Publication detail

A bioresorbable biomaterial carrier and passive stabilization device to improve heart function post-myocardial infarction

Eimear B. Dolan, Björn Hofmann, M. Hamman de Vaal, Gabriella Bellavia, Stefania Straino, Lenka Kovarova, Martin Pravda, Vladimir Velebny, Dorothee Daro, Nathalie Braun, David S. Monahan, Ruth E. Levey, Hugh O'Neill, Svenja Hinderer, Robert Greensmith, Michael G. Monaghan, Katja Schenke-Layland, Peter Dockery, Bruce P. Murphy, Helena M. Kelly, Stephen Wildhirt, Garry P. Duffy

Original Title

A bioresorbable biomaterial carrier and passive stabilization device to improve heart function post-myocardial infarction

English Title

A bioresorbable biomaterial carrier and passive stabilization device to improve heart function post-myocardial infarction

Type

journal article in Web of Science

Language

en

Original Abstract

The limited regenerative capacity of the heart after a myocardial infarct results in remodeling processes that can progress to congestive heart failure (CHF). Several strategies including mechanical stabilization of the weakened myocardium and regenerative approaches (specifically stem cell technologies) have evolved which aim to prevent CHF. However, their final performance remains limited motivating the need for an advanced strategy with enhanced efficacy and reduced deleterious effects. An epicardial carrier device enabling a targeted application of a biomaterial-based therapy to the infarcted ventricle wall could potentially overcome the therapy and application related issues. Such a device could play a synergistic role in heart regeneration, including the provision of mechanical support to the remodeling heart wall, as well as providing a suitable environment for in situ stem cell delivery potentially promoting heart regeneration. In this study, we have developed a novel, single-stage concept to support the weakened myocardial region post-MI by applying an elastic, biodegradable patch (SPREADS) via a minimal-invasive, closed chest intervention to the epicardial heart surface. We show a significant increase in %LVEF 14 days post-treatment when GS (clinical gold standard treatment) was compared to GS + SPREADS + Gel with and without cells (p <= 0.001). Furthermore, we did not find a significant difference in infarct quality or blood vessel density between any of the groups which suggests that neither infarct quality nor vascularization is the mechanism of action of SPREADS. The SPREADS device could potentially be used to deliver a range of new or previously developed biomaterial hydrogels, a remarkable potential to overcome the translational hurdles associated with hydrogel delivery to the heart.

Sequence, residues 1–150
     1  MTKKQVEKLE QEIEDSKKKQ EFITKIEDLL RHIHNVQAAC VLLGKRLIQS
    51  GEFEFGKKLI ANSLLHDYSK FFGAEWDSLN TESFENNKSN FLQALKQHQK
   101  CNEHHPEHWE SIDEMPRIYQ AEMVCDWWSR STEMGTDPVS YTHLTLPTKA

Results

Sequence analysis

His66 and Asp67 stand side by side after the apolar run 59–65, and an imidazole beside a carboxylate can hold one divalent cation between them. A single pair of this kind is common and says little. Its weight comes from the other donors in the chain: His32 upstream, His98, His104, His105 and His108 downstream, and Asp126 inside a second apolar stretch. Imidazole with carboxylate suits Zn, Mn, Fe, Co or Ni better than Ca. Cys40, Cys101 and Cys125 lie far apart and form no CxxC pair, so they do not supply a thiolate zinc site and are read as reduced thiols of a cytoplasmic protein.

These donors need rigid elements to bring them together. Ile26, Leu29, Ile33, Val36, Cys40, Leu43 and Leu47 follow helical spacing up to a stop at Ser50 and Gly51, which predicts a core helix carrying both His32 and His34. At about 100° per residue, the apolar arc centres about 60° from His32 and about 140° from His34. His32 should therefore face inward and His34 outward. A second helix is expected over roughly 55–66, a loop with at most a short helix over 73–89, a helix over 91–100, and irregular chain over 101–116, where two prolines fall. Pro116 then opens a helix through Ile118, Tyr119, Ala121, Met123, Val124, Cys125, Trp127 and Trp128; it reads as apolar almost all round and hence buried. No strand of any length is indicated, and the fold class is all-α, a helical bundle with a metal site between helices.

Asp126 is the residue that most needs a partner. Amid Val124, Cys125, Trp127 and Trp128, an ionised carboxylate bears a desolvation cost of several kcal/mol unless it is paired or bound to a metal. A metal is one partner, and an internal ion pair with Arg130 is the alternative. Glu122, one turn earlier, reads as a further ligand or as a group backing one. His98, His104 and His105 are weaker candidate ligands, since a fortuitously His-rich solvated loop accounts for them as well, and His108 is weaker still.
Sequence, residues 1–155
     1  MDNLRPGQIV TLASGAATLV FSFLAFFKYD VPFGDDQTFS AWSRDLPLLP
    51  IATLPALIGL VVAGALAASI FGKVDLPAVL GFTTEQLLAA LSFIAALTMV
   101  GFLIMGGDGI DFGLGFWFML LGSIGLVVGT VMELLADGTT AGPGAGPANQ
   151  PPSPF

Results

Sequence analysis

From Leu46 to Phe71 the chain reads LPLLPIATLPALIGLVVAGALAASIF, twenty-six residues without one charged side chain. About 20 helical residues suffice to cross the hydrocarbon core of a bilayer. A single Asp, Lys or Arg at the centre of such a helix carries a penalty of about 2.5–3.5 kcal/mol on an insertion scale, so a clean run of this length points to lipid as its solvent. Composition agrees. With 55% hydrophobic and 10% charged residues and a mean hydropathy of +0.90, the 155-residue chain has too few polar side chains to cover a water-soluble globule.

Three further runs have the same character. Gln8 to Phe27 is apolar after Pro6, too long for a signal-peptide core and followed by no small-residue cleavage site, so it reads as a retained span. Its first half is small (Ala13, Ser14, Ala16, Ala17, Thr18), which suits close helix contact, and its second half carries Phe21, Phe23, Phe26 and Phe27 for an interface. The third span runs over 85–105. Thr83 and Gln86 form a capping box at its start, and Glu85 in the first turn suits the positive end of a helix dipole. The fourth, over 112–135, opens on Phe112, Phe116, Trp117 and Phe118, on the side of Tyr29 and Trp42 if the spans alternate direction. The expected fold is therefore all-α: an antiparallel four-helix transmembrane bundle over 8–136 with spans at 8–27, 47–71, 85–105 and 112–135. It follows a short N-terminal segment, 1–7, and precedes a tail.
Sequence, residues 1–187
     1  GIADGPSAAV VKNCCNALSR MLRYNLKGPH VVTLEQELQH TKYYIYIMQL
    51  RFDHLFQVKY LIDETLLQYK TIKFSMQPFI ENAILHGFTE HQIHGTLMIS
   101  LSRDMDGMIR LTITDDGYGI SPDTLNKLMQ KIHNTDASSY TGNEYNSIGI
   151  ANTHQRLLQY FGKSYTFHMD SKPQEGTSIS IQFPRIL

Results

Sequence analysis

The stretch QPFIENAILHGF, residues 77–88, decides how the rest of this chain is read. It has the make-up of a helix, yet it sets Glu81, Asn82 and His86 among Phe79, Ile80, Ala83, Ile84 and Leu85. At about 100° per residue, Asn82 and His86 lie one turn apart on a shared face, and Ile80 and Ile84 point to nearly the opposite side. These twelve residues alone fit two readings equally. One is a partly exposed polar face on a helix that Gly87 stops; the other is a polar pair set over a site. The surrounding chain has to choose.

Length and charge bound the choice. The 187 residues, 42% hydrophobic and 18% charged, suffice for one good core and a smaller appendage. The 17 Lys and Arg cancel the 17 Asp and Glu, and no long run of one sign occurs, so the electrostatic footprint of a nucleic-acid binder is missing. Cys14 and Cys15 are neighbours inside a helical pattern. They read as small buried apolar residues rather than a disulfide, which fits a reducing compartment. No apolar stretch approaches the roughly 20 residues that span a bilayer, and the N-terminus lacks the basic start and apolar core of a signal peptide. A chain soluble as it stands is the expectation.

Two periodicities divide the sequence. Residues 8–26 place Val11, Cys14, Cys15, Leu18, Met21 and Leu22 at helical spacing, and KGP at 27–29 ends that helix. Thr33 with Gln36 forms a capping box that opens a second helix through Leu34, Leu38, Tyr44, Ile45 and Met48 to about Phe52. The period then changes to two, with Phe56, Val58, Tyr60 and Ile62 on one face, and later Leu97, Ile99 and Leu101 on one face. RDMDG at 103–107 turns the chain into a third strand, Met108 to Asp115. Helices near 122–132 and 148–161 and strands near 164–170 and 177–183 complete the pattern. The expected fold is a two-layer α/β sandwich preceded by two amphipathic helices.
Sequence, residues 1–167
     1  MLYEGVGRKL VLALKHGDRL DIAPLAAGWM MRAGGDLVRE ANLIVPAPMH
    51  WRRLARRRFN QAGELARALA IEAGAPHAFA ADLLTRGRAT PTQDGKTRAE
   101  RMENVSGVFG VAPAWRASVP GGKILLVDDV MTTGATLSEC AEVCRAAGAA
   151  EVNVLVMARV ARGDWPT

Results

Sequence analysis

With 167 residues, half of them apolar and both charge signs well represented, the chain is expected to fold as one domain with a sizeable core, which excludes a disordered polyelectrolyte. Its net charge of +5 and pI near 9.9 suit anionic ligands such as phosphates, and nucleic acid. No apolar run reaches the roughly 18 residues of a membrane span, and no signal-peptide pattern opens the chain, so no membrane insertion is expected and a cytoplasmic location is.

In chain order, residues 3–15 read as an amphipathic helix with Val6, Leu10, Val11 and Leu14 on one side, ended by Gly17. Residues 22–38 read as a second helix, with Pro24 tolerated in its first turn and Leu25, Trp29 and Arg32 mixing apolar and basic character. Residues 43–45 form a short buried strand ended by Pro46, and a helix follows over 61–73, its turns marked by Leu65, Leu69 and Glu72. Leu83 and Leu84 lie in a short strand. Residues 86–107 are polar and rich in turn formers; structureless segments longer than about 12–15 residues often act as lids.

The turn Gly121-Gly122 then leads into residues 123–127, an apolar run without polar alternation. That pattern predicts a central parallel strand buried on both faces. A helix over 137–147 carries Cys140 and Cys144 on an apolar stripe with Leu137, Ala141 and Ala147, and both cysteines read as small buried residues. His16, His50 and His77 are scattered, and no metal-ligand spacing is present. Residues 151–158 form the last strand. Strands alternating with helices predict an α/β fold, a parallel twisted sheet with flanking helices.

English abstract

The limited regenerative capacity of the heart after a myocardial infarct results in remodeling processes that can progress to congestive heart failure (CHF). Several strategies including mechanical stabilization of the weakened myocardium and regenerative approaches (specifically stem cell technologies) have evolved which aim to prevent CHF. However, their final performance remains limited motivating the need for an advanced strategy with enhanced efficacy and reduced deleterious effects. An epicardial carrier device enabling a targeted application of a biomaterial-based therapy to the infarcted ventricle wall could potentially overcome the therapy and application related issues. Such a device could play a synergistic role in heart regeneration, including the provision of mechanical support to the remodeling heart wall, as well as providing a suitable environment for in situ stem cell delivery potentially promoting heart regeneration. In this study, we have developed a novel, single-stage concept to support the weakened myocardial region post-MI by applying an elastic, biodegradable patch (SPREADS) via a minimal-invasive, closed chest intervention to the epicardial heart surface. We show a significant increase in %LVEF 14 days post-treatment when GS (clinical gold standard treatment) was compared to GS + SPREADS + Gel with and without cells (p <= 0.001). Furthermore, we did not find a significant difference in infarct quality or blood vessel density between any of the groups which suggests that neither infarct quality nor vascularization is the mechanism of action of SPREADS. The SPREADS device could potentially be used to deliver a range of new or previously developed biomaterial hydrogels, a remarkable potential to overcome the translational hurdles associated with hydrogel delivery to the heart.